I'm trying to communicate with a device over I2C from my BeagleBone Black, and I'm a bit curious as to the device tree's interpretation of I2C. I see that there are a couple of device nodes within the actual I2C bus node itself, and these are visible in userspace under /sys/class/i2c-adapter/i2c-x/. But I can't seem to be able to view the status, or query the device like I would be able to with a GPIO device in /sys/class/gpio.

I can use SMBus to communicate with the I2C device within a C++ program, but I'm curious as to why some of these built-in devices (like the PMIC) have their own nodes. Is it for kernel driver reasons?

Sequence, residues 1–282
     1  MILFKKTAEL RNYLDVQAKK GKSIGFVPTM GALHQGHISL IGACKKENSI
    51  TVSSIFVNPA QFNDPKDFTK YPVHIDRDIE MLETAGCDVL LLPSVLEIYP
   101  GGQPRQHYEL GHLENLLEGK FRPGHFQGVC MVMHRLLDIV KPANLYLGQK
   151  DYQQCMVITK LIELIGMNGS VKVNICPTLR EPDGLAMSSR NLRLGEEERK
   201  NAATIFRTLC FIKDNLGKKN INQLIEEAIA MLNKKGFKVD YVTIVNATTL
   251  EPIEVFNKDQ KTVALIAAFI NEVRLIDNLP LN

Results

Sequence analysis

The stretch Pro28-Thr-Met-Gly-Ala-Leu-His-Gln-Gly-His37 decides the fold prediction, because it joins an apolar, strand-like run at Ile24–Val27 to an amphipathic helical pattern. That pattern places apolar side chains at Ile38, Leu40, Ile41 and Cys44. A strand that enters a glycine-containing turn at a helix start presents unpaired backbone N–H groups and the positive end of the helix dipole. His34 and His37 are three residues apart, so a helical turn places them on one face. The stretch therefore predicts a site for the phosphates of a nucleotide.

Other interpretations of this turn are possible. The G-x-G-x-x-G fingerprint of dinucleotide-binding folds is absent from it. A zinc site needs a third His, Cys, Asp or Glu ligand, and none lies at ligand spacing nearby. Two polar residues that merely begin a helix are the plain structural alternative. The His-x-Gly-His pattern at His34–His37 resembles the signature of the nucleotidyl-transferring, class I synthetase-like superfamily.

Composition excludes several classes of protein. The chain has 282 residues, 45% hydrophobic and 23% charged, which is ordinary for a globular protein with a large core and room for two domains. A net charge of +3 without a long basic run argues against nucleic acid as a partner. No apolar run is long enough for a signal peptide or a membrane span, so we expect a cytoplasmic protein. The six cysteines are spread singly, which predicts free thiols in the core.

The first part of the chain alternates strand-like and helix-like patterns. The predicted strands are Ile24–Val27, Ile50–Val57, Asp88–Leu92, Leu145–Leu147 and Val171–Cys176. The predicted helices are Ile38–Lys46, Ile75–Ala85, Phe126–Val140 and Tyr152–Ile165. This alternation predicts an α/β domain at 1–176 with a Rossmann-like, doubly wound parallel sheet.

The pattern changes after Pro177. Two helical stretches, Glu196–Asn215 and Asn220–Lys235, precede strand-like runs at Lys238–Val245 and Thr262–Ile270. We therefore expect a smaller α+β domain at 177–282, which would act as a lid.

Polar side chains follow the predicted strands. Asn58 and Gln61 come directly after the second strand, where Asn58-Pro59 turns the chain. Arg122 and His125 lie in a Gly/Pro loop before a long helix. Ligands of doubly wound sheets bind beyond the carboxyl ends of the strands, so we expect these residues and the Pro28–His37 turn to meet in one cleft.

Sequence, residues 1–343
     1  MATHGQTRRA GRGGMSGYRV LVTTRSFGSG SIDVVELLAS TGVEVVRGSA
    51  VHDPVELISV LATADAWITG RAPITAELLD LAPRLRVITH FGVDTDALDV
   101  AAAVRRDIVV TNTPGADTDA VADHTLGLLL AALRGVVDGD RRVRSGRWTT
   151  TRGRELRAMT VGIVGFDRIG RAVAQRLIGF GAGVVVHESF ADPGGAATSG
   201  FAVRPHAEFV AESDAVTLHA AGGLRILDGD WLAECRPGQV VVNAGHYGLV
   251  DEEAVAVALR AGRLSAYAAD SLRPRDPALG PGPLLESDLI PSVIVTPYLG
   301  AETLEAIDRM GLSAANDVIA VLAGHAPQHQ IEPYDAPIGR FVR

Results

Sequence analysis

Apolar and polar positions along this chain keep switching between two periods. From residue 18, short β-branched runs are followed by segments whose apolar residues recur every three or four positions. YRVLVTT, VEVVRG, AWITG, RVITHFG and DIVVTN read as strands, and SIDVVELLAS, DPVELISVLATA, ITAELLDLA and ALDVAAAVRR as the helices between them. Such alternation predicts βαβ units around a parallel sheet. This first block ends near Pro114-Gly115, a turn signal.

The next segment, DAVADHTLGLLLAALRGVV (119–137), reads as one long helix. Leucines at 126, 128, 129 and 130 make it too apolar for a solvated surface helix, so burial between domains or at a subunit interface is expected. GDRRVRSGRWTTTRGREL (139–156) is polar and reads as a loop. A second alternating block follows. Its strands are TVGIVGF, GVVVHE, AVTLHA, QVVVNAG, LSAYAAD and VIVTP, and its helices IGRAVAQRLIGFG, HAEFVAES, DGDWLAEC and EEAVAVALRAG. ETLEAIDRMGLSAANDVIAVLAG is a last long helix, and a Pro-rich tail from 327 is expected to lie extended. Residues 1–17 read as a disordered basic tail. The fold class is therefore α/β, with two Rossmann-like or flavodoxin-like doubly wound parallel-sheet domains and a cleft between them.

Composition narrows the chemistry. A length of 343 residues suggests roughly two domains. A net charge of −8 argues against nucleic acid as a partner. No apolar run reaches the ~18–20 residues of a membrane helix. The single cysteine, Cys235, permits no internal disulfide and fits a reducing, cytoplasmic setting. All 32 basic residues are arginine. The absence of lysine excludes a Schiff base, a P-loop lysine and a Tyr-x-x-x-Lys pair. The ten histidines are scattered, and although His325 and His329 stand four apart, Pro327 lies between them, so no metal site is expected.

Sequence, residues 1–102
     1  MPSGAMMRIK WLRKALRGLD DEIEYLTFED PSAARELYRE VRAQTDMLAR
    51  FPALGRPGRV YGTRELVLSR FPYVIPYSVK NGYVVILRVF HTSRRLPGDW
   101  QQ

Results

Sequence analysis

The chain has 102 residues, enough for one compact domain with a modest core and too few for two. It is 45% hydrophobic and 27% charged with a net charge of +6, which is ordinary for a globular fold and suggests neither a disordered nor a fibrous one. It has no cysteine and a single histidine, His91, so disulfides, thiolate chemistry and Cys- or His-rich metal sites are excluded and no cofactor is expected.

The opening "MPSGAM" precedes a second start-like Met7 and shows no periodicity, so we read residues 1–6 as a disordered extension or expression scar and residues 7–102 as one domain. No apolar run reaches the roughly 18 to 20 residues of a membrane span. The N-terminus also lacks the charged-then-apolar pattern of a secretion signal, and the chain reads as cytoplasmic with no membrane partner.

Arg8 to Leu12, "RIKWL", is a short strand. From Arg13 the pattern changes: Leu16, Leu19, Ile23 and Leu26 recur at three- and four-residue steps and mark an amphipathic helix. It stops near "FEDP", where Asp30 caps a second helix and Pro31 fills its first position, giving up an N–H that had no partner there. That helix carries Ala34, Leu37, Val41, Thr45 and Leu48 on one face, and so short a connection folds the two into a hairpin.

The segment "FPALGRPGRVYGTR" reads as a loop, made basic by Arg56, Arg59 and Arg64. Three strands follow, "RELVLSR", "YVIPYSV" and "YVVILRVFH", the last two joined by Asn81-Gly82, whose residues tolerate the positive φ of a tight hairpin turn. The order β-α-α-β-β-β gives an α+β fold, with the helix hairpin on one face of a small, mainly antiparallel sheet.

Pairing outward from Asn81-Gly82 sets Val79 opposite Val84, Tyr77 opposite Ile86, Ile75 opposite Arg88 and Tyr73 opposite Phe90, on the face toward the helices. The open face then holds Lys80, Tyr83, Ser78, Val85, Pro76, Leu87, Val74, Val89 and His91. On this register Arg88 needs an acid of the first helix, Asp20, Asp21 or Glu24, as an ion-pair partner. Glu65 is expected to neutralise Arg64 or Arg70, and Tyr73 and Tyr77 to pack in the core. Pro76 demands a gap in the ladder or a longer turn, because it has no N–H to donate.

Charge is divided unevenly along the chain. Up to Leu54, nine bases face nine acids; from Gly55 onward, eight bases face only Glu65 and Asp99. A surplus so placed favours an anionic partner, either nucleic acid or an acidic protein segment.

• No idea how it works on the BeagleBone Black, but in general, you need the adapter entries for i2cdetect/i2cdump/i2cset/i2cget etc., and some kernel modules like eeprom also make client nodes. As there's no reliable way to detect an i2c client, the kernel can't automatically produce client nodes for each client. – dirkt Jan 24 '18 at 19:35
  • I see. After posting the question I went back through some other device's device trees and what seems to be the defining factor between a device that is a 'default' node on the bus and just a random node is whether or not there is a driver for that device. – T. Wallis Jan 24 '18 at 20:09

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